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Universal Credit

Universal Credit

What benefits does Universal Credit replace

What happens when you claim Universal Credit

What you need to do




What benefits does Universal Credit replace

Universal Credit will replace:

·         Income Support

·         Income-based Jobseeker’s Allowance

·         Income-related Employment Support Allowance

·         Housing Benefit

·         Child Tax Credit

·         Working Tax Credit

Universal Credit will not include:

·         Council Tax Benefit

·         Child Benefit

·         Carer’s Allowance

·         Contributory Benefits

·         Disability Living Allowance

·         Passported Benefits (such as free School Meals and Free Prescriptions)

·         Personal Independent Payment


Remember, you need to apply for Universal Credit  online at www.gov.uk/universal-credit.  If you need help with your claim, or your circumstances change, you can contact the Universal Credit Helpline on Tel 0345 600 0723 or text phone 0345 600 0743 between 8am - 6pm, Monday to Friday (closed on bank and public holidays). 



What happens when you claim Universal Credit

·         Benefits will be paid monthly in arrears

·         If you're a couple, you'll receive one payment between you so you'll need to decide where this payment is made

·         You'll need to make your claim for Universal Credit online

·         It’ll be paid once a month, usually into your bank, building society or credit union account.

·         Any housing benefit you're entitled to will be paid directly to you as part of your Universal Credit payment. You'll need to think about what method you're going to use to pay your rent to us.

·         Universal credit will not stop when you start working, it will gradually decrease as your earnings (not working hours) increase. This is to ensure that you are better off in work.

·         The amount of Universal Credit you can get depends on your circumstances and income, more information can be found here: https://www.gov.uk/universal-credit/what-youll-get


Claiming Universal Credit

You can currently claim Universal Credit if you’re either:

·         a single person anywhere in England, Wales and Scotland

·         a couple or family living in certain areas.  Find out more on the gov.uk website 


To get Universal Credit you must:

·         be 18 or over

·         be under State Pension age

·         not be in full time education or training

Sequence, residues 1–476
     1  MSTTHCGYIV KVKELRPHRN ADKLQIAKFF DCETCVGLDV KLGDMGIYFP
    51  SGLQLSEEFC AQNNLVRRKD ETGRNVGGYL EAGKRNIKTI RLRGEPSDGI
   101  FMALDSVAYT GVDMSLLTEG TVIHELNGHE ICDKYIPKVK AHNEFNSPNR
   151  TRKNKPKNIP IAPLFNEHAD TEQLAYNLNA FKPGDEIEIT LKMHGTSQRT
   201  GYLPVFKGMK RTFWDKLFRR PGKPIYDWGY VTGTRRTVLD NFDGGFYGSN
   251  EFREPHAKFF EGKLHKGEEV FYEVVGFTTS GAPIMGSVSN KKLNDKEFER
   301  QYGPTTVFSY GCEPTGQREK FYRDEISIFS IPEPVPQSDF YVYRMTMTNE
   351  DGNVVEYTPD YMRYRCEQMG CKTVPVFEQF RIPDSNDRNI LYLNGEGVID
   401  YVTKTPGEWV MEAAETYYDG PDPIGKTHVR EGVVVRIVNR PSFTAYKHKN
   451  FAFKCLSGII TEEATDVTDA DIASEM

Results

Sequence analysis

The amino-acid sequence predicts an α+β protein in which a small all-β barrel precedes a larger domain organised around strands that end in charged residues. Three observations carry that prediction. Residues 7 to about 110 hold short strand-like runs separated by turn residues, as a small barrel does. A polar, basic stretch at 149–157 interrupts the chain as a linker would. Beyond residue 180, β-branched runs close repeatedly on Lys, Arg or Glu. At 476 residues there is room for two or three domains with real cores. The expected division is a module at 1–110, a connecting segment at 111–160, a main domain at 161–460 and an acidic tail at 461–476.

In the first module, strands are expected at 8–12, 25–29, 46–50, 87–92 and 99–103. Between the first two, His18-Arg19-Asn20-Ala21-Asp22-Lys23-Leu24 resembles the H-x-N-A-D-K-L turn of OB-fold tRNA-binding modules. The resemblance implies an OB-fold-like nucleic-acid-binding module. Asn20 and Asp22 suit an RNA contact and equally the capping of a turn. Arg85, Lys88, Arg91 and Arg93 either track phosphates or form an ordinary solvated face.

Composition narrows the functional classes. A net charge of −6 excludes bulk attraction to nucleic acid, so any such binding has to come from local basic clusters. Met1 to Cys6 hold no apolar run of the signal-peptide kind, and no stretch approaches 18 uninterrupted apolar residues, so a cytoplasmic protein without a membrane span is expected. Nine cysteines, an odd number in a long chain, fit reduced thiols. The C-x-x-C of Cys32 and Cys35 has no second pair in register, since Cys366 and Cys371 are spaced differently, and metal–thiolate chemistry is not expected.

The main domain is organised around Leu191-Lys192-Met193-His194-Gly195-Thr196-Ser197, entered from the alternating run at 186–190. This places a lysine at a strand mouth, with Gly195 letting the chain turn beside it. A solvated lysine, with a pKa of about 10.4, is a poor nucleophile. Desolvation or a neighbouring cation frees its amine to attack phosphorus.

·         not have savings over £16,000

You’ll get less Universal Credit if you have savings over £6,000 or earn enough money to cover your basic living costs.

If you live with your partner you’ll need to make a joint claim as a couple. If one of you isn’t eligible, their savings and income will still be taken into account.

You may be able to claim Jobseeker’s Allowance or other benefits if you don’t live in a qualifying area or you’re not eligible to claim Universal Credit.


Who isn’t eligible

You can’t claim Universal Credit if you already get:

·         Income Support

·         income-based Jobseeker’s Allowance

·         income-related Employment and Support Allowance

·         income-related Incapacity Benefit




What you need to do

Set up a bank account with a high street bank or building society.

If you don’t have bank account, you’ll need to set one up soon so your Universal Credit gets paid to you. You can set up a basic bank account or a current account at most high street banks.

You don’t usually have to pay a monthly fee for the account, or get offered an overdraft. You should be able to set up a Direct Debit to pay your regular bills, including rent.

You can also set up a current account, which you may get an overdraft for.


Set up a savings account

You could also set up a savings account with a bank or building society.


Set up a Post Office Account.

This includes Post Office card accounts (POCA) that are designed only for benefit payments. Other types of payments, such as wages, can't be paid into it. People who aren't able to have a bank or building society account can usually open a Post Office card account.


Set up an account with a credit union

Another option is to set up an account with a credit union (they’re member run cooperatives offering saving and loans). Some credit unions also offer a current account, but you usually get charged a weekly fee if you withdraw money that week.  

You can’t go overdrawn, as they don’t offer overdrafts, and you can run this account alongside your savings account with the credit union. They may also be able to help you manage your money and can agree with you what regular bills you need to pay, make sure money is put by, then arrange payments for you. You then know what’s left in your account for you to use.

If you’d like to join a credit union, visit Find your credit union 


Think about budgeting

As Universal Credit is paid monthly, in arrears, you may need to get used to a different way of managing your money. You might be used to budgeting on a weekly or fortnightly basis for example. Take a look at Knightstone’s useful Be Money Ready website for all kinds of money-related tips and advice to help you with the change.


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